Cooking The Books 1:Dreams and nightmares

It ended well, the article in the Morning Star of 8 December: “The dream of a moneyless, socialist society can become a reality.” Unfortunately, the rest of the article, by Gerry Gold, contradicted this.

Gold, a supporter of the Old Labourite Labour Representation Committee, was offering a way out of the current crisis. No, he was not advocating the common ownership and democratic control of the world’s resources as the basis for going over to production directly for use instead of for profit and to distribution on the principle of “from each their ability, to each their need” instead of in response to paying demand.

What he was advocating was some radical reforms to capitalism such as closing down the Stock Exchange and outlawing hedge funds and derivatives and “replacing the entire for-profit financial system with a not-for-profit network of socially owned financial institutions providing essential services. Many examples of these already exist – mutually owned building societies, credit unions, the Co-operative bank”,

If there are still going to be financial institutions this is hardly making “the dream of a moneyless, socialist society” a reality. It can’t even be called a dream, just a sanitised reflection of today’s humdrum everyday existence, with the only noticeable difference being no banks on our high streets only building societies.

Gold went on: “With the elimination of private-equity shareholding and the abolition of speculation on the money markets the techniques developed by global capitalism can be used to clear payments between enterprises within and between countries. Accounting systems can be used and further developed to be open to public scrutiny.” Then followed the passage about a moneyless society.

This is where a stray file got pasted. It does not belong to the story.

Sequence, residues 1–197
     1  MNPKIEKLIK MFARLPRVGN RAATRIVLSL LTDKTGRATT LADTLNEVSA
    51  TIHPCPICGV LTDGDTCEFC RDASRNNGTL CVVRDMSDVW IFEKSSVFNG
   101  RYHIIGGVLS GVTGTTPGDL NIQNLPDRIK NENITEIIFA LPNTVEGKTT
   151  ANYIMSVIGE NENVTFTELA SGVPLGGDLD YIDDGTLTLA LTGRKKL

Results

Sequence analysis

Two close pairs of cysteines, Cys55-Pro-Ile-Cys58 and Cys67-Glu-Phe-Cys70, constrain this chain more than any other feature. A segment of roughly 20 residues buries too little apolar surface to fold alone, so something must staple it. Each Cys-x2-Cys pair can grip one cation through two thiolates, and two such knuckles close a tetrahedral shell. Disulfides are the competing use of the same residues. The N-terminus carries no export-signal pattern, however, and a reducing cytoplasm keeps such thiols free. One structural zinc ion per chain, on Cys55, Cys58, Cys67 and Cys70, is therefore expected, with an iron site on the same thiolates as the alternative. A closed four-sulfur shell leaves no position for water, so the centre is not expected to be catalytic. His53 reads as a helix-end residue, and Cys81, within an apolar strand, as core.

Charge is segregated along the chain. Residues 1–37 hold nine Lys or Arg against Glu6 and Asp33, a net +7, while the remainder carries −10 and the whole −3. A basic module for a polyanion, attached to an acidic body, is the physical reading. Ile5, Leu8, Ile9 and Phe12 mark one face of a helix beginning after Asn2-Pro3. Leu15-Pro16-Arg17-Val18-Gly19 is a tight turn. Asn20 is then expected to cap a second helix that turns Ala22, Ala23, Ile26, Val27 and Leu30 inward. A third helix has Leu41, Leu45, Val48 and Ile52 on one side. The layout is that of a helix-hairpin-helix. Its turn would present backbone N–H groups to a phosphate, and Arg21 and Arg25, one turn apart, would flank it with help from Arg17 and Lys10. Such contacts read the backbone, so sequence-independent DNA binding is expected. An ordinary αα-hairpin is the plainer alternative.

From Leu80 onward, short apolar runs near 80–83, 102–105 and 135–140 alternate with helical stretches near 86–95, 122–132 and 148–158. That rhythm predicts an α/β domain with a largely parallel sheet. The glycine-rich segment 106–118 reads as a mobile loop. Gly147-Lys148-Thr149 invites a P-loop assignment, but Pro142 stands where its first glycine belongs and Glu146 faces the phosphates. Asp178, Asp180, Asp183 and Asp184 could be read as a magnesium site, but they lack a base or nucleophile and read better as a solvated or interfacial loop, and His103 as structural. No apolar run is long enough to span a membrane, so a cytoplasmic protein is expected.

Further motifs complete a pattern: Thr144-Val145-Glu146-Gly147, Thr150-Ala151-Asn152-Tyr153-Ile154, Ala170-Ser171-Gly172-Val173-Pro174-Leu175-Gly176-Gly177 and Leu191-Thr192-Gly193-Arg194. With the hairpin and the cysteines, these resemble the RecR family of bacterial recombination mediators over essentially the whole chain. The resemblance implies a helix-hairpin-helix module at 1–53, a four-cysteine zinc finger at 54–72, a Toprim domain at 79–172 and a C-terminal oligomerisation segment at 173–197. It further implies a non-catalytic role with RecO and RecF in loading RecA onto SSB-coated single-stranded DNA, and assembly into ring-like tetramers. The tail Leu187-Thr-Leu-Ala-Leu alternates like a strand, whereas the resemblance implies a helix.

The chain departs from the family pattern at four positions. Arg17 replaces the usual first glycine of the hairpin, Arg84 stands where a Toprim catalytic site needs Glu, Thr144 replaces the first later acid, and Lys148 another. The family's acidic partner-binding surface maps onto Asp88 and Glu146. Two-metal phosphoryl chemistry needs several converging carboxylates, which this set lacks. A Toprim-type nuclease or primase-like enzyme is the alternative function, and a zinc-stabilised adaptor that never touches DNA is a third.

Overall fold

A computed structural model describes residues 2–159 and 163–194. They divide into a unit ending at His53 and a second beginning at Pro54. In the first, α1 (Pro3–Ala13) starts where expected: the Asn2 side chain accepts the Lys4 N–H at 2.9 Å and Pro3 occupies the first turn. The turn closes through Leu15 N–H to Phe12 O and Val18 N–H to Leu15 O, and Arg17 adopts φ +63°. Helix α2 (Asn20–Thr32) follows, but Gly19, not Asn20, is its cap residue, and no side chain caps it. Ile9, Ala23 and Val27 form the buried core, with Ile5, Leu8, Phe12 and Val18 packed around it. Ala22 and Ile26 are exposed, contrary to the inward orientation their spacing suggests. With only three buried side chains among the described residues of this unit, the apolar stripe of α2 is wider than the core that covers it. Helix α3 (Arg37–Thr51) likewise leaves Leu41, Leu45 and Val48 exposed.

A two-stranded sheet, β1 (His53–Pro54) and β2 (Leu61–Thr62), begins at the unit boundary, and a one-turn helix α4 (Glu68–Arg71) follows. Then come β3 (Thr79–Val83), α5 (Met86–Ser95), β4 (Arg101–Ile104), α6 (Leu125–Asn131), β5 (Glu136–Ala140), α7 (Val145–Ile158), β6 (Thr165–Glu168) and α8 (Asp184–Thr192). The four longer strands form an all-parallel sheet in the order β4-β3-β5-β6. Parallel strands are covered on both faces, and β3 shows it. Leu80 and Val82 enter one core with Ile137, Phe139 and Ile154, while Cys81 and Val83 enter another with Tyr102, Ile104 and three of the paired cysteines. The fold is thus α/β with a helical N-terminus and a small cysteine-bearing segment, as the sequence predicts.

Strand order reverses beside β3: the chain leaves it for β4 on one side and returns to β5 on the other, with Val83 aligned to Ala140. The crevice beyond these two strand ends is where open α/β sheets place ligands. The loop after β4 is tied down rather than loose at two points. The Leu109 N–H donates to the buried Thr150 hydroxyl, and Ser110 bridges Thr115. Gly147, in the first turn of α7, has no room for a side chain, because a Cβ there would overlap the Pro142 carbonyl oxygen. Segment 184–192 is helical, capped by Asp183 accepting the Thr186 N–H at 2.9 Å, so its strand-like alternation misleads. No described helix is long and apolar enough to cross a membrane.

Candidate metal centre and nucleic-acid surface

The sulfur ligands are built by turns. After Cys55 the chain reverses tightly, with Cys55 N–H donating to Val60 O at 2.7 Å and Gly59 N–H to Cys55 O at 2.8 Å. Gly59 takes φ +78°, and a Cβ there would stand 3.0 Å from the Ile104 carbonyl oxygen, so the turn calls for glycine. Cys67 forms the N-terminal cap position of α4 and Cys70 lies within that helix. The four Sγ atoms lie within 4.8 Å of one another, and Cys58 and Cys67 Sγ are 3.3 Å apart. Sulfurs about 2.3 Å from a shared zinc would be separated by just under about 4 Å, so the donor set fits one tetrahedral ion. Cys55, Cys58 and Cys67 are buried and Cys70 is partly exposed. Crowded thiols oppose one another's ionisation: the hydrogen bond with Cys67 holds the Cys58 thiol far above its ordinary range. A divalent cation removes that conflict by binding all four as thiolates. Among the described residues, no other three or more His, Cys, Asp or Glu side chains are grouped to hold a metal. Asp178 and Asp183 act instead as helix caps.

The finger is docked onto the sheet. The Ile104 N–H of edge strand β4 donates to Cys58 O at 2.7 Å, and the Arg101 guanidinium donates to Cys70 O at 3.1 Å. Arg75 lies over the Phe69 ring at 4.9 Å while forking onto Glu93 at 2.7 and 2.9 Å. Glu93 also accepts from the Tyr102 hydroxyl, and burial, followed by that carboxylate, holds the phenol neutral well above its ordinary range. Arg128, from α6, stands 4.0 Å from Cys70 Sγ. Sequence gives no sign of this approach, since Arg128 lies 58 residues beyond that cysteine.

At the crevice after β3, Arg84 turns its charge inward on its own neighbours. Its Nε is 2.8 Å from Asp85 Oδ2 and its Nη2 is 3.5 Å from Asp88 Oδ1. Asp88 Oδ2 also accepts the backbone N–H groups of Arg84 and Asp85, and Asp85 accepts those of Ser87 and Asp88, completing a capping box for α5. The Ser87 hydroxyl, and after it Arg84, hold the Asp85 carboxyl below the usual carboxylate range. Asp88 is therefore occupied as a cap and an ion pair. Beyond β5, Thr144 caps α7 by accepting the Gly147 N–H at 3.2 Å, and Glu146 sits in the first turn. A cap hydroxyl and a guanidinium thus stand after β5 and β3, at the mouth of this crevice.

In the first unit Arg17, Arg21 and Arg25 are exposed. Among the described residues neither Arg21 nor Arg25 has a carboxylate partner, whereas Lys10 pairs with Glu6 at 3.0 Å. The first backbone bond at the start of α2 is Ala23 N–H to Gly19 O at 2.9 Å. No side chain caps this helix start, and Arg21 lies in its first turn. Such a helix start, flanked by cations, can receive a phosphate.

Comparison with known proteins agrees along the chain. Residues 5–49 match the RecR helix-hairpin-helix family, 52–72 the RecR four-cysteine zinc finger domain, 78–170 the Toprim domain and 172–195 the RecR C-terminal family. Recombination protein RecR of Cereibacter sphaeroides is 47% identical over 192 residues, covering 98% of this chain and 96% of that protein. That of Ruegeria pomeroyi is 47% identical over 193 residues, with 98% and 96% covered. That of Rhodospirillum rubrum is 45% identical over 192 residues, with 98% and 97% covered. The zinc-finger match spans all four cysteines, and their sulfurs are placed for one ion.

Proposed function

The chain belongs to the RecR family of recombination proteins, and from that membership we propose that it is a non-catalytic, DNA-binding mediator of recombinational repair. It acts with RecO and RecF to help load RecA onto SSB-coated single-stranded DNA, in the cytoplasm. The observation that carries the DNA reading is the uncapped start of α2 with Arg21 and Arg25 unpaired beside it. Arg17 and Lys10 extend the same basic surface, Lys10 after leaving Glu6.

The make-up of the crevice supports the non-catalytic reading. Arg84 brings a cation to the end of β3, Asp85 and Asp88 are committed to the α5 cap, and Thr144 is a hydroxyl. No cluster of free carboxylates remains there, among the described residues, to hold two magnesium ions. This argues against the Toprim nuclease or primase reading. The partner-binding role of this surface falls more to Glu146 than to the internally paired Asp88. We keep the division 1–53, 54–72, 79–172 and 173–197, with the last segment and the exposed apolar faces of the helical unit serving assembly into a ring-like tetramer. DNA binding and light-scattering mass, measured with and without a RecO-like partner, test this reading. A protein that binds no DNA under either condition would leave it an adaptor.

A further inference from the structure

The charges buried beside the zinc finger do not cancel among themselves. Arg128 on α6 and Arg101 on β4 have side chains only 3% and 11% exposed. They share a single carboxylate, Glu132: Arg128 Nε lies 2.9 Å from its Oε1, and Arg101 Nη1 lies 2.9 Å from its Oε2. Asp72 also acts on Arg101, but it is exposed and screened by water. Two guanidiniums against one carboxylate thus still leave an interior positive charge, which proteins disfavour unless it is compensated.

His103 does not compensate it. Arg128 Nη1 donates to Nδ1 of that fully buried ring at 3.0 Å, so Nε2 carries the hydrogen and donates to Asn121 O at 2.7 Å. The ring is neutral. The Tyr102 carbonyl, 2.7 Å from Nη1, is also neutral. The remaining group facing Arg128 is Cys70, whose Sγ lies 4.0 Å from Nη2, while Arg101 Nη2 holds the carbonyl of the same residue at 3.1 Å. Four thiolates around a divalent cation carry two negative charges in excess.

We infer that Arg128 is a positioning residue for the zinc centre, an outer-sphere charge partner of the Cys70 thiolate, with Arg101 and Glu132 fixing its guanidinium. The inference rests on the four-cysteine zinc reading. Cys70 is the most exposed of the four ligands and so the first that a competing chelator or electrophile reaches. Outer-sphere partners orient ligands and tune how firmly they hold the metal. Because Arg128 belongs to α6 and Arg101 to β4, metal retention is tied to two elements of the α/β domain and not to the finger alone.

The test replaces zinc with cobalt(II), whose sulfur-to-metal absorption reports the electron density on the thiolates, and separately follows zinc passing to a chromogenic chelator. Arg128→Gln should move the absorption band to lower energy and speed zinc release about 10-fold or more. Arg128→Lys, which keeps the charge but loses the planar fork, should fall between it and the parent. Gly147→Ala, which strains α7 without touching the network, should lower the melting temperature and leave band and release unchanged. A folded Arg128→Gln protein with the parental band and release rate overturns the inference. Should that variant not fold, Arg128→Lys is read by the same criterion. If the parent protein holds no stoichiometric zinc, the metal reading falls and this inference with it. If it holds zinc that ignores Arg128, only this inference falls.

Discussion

Lenin used the same argument in Can the Bolsheviks Retain State Power?, composed a month or so before the Bolsheviks seized power:

“Capitalism has created an accounting apparatus in the shape of the banks, syndicates, postal service, consumers’ societies, and office employees’ unions. Without big banks socialism would be impossible. The big banks are the ‘state apparatus’ which we need to bring about socialism, and which we take ready-made from capitalism; our task here is merely to lop off what capitalistically mutilates this excellent apparatus, to make it even bigger, even more democratic, even more comprehensive. Quantity will be transformed into quality. A single State Bank, the biggest of the big, with branches in every rural district, in every factory, will constitute as much as nine-tenths of the socialist apparatus. This will be country wide book-keeping, country-wide accounting of the production and distribution of goods, this will be, so to speak, something in the nature of the skeleton of socialist society.”

His thinking was that if there was one big State ‘Bank’ it would be possible to account for the use of resources, and their transfer between productive units, without monetary exchanges. This was the view also of those other European Social Democrats of the time who realised that socialism would be a moneyless society and who thought about how production and distribution might be organised without money.

There may have been something in it, but it was never going to work in economically backward Russia. And it didn’t. After a period of so-called “War Communism” till 1921 when money was hardly used, it was Lenin himself who called for a return to money – and not just any old paper money, but a gold-based rouble. The Bolsheviks did retain state power, but the outcome was the nightmare of state capitalism.

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